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[Caml-list] Unix-Filekind => codexample with questions
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Date: 2002-04-23 (15:10)
From: Oliver Bandel <oliver@f...>
Subject: Re: [Caml-list] Unix-Filekind => codexample with questions

On 21 Apr 2002, John Prevost wrote:

> >>>>> "ob" == Oliver Bandel <> writes:
>     ob> Hello, I need a function, which tells me if a file is a
>     ob> regular file or not.
>     ob> Please look at my code-example:
>         let is_regularfile name =
>               let filekind name = let tmp = Unix.stat name in tmp.Unix.st_kind
>               in
>               let fk = try (filekind name ) with
>                           | Unix.Unix_error (Unix.ENOENT,_,_) -> Unix.S_DIR
>                           | _ -> Unix.S_DIR
>                in
>                match fk with
>                | Unix.S_REG -> true
>                | _          -> false;;
>     ob> This example works: It tells me, if a file is of kind/type
>     ob> regular file with true. If it is not a regular file or an
>     ob> error occured, it tells me this by passing me the result
>     ob> false.
> How about:
> let is_regularfile name =
>   try (match Unix.stat name with
>          | {Unix.st_kind = Unix.S_REG} -> true
>          | _ -> false)
>   with
>     _ -> false
> I'm not sure why you're using so many intermediate values here--it
> just seems to make the code harder to figure out.  Better to just wrap
> a try around the whole check, and use a small simple match on the stat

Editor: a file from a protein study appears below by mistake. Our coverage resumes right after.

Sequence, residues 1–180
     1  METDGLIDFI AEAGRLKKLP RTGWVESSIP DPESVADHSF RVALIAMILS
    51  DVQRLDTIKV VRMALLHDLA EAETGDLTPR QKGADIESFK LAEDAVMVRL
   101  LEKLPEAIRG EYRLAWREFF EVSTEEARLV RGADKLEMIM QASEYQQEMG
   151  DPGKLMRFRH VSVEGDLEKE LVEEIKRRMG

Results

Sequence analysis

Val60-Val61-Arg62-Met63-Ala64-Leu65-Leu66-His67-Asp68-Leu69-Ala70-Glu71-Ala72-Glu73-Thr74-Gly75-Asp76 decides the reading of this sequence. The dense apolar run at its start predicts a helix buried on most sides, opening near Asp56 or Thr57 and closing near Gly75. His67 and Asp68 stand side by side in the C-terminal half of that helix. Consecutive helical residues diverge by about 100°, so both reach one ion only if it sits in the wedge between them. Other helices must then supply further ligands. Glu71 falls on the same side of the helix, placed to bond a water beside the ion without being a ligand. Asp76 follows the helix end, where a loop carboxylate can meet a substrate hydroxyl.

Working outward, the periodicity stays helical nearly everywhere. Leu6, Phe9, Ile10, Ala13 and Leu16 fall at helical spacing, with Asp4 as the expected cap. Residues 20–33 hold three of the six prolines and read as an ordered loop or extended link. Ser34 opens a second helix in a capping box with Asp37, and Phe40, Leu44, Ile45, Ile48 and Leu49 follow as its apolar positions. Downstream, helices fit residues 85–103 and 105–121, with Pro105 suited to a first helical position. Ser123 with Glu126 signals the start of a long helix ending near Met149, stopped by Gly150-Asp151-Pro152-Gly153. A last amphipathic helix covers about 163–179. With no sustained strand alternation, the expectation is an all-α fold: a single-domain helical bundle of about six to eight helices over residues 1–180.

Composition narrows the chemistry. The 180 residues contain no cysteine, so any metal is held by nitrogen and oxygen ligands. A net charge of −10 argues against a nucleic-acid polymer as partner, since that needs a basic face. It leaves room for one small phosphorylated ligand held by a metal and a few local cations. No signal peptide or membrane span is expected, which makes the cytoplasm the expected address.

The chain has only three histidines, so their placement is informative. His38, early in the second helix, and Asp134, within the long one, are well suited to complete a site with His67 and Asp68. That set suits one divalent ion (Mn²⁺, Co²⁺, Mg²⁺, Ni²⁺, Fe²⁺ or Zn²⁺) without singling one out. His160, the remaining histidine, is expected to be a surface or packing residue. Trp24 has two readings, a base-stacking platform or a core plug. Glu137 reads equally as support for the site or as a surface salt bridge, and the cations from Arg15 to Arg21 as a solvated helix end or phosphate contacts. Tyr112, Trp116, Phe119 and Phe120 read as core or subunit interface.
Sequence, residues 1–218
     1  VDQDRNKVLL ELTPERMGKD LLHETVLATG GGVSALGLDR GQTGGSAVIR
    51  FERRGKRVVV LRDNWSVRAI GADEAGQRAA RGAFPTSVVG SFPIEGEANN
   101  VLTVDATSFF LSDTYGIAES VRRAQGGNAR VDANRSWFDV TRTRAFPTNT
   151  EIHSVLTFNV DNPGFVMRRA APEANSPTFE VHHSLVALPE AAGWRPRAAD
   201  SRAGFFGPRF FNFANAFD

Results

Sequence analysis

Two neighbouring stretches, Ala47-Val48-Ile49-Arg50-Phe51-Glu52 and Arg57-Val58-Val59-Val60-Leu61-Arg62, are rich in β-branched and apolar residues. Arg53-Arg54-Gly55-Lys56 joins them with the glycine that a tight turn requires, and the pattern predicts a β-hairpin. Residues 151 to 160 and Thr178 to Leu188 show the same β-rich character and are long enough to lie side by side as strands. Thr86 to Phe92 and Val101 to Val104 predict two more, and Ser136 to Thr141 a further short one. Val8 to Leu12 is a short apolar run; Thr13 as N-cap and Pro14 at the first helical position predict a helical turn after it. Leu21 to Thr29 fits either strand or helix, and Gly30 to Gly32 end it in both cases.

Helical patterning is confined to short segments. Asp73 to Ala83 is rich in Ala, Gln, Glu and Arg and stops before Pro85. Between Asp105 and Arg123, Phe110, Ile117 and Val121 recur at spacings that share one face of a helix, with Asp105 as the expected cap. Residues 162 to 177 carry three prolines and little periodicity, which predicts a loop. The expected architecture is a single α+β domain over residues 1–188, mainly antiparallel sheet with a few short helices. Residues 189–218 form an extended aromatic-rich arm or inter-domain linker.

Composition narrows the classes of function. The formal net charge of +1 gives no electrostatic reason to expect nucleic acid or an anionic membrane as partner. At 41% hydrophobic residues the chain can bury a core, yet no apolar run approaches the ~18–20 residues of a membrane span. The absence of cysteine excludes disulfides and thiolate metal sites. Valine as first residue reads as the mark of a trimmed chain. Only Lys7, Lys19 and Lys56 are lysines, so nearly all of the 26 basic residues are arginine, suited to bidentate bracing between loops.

> result.

I really started with more than one functions and then
only put them together into one function, to have a
cleaner function (not giving the Unix.S_DIR (as an indicator
of not-Unix.S_REG)i as returnvalue to the outside).

I thought about pattern-matching the records, and to
use the ".member"-notation of records directly to the
application of the stat-function (as in Markus' example),
but I didn't know if OCaml's syntax provides the latter one.

So I used my first working "one-function-only"-version
and asked you all for comments.

For example the part with

>               let fk = try (filekind name ) with
>                           | Unix..Unix_error (Unix.ENOENT,_,_) -> Unix.S_DIR
>                           | _ -> Unix.S_DIR

may be too verbose and does not make any sense, because both
cases return the same value and the "_"-match matches on
all cases.

But I'm relativley new to Ocaml and therefore I can see the details
in matching the error-value better, when written explicitly (the
first case) and it's easier to expand the matching, when using
copy&paste&change of that line (changing Unix.ENOENT to the
needed value after duplicating the line). So, some maybe
unnecessary looking constructs
in the code were helpers for understanding, what I'm doing.

With more experience in OCaml-programming I maybe do not need
such verbose code (and I really like brevity - that's one of
the main-reasons to choose OCaml as my favourite programming
language for future projects).

But nevertheless, it's always worth to think about
verbose coding of programs, if that clarifies the
intention. At least in C-programming, writing more
code than less may help in understanding, what's going on.

Maybe it's different in OCaml, because it's code
does contain enough sense per command-word/line of code.
In C there is too much bloat; and more verbose coding
can (may) help in understanding.

So the verbose coding of my example was a result of
too-many-years-C-programming and too less experience
in Ocaml-programming.

All answers had helped a lot.


[1]: I like the literate programming idea; e.g. haskell provides
 two programming styles: code with inserted comments,
 or text with inserted code; so programming and documenting
 the code means, to edit *one* document, but to get
 the program and the documentation as a result. And in this
 way it's much easier and more motivating to write documentation
 of code-snippets (and the real advantage comes in big projects).
 All other (non-literate-programming) attempts
 in programming (programming here means: design+coding+documenting)
 I have seen, doesn't worked well.

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